One of the most powerful drivers of economic growth is free trade. So nations in this region would benefit greatly from breaking down barriers to trade with each other. And America will continue working to open up trade at every level. In recent years, the United States has completed free trade agreements with Jordan, Oman, Morocco, and Bahrain. America will continue to negotiate bilateral free trade agreements in the region. We strongly supported Saudi Arabia's accession to the World Trade Organization, and we will continue to support nations making the reforms necessary to join the institutions of a global economy. To break down trade barriers and ignite economic growth around the world, we will work tirelessly for a successful outcome to the Doha Round this year.
As we seek to open new markets abroad, America will keep our markets open at home. There are voices in my country that urge America to adopt measures that would isolate us from the global economy. I firmly reject these calls for protectionism. We will continue to welcome foreign investment and trade. And the United States of America will stay open for business.
Taking your place as a center of progress and achievement requires investing in your people. Some analysts believe the Middle East and North Africa will need to create up to 100 million new jobs over the next 10 to 15 years just to keep up with population growth. The key to realizing this goal is an educated workforce.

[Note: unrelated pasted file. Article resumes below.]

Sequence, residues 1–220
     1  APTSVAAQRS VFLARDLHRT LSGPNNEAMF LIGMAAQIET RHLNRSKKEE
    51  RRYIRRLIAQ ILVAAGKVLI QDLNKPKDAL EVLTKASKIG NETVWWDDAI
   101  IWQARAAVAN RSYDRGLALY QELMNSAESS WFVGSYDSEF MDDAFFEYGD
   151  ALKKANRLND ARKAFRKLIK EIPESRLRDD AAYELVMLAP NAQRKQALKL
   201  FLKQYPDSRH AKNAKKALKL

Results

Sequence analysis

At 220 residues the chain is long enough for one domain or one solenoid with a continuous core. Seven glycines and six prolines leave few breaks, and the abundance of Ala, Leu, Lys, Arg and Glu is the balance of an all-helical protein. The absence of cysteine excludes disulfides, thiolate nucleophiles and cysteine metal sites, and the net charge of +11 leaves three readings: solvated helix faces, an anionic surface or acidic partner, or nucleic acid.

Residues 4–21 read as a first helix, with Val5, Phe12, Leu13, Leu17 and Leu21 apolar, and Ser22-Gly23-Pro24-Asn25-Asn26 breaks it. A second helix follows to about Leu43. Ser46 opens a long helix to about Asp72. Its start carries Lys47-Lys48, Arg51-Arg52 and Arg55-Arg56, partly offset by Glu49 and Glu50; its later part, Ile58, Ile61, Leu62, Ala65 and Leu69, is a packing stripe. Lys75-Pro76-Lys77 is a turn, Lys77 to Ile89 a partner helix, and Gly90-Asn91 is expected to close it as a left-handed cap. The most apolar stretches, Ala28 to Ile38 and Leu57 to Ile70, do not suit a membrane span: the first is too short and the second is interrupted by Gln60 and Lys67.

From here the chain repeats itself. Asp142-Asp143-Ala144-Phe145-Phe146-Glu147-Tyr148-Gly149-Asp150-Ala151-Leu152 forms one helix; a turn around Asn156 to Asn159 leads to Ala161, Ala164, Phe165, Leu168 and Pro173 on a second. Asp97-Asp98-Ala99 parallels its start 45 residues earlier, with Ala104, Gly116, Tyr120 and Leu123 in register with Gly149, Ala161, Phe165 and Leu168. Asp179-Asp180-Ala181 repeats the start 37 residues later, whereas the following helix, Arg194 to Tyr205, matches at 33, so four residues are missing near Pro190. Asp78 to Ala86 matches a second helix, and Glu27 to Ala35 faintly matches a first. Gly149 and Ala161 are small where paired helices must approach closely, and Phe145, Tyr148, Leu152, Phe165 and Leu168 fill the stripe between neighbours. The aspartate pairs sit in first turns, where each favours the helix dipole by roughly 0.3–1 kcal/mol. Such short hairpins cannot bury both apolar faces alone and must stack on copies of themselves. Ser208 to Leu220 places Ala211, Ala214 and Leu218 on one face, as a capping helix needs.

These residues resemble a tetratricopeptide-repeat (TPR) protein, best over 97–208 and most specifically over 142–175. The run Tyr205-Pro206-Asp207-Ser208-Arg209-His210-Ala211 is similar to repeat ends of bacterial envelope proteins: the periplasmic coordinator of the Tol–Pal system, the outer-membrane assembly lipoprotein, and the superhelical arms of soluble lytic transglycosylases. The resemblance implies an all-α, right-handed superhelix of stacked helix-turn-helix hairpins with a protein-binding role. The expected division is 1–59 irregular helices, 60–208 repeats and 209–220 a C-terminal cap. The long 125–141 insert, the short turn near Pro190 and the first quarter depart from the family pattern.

This starts early on, with primary schools that teach basic skills, such as reading and math, rather than indoctrinating children with ideologies of hatred. An educated workforce also requires good high schools and universities, where students are exposed to a variety of ideas, learn to think for themselves, and develop the capacity to innovate. Not long ago the region marked a hopeful milestone in higher education. In our meeting yesterday, President Karzai told me he recently handed out diplomas to university graduates, including 300 degrees in medicine, and a hundred degrees in engineering, and a lot of degrees to lawyers, and many of the recipients were women. (Applause.)
People of the Middle East can count on the United States to be a strong partner in improving your educational systems. We are sponsoring training programs for teachers and administrators in nations like Jordan and Morocco and Lebanon. We sponsored English language programs where students can go for intensive language instruction. We have translated more than 80 children's books into Arabic. And we have developed new online curricula for students from kindergarten through high school.
It is also in America's interest to continue welcoming aspiring young adults from this region for higher education to the United States. There were understandable concerns about student visas after 9/11. My administration has worked hard to improve the visa process. And I'm pleased to report that we are issuing a growing numbers of student visas to young people from the Middle East. And that's the way it should be. And we'll continue to work to expand educational exchanges, because we benefit from the contribution of foreign students who study in America because we're proud to train the world's leaders of tomorrow and because we know there is no better antidote to the propaganda of our enemies than firsthand experience with life in the United States of America.